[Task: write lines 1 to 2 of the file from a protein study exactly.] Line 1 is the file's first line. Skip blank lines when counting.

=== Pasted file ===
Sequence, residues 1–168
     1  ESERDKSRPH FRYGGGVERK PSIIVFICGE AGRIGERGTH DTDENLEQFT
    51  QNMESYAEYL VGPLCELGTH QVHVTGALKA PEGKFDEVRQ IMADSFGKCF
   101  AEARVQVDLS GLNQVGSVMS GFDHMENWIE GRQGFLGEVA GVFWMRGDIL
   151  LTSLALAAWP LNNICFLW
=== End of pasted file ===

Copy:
Sequence, residues 1–168
     1  ESERDKSRPH FRYGGGVERK PSIIVFICGE AGRIGERGTH DTDENLEQFT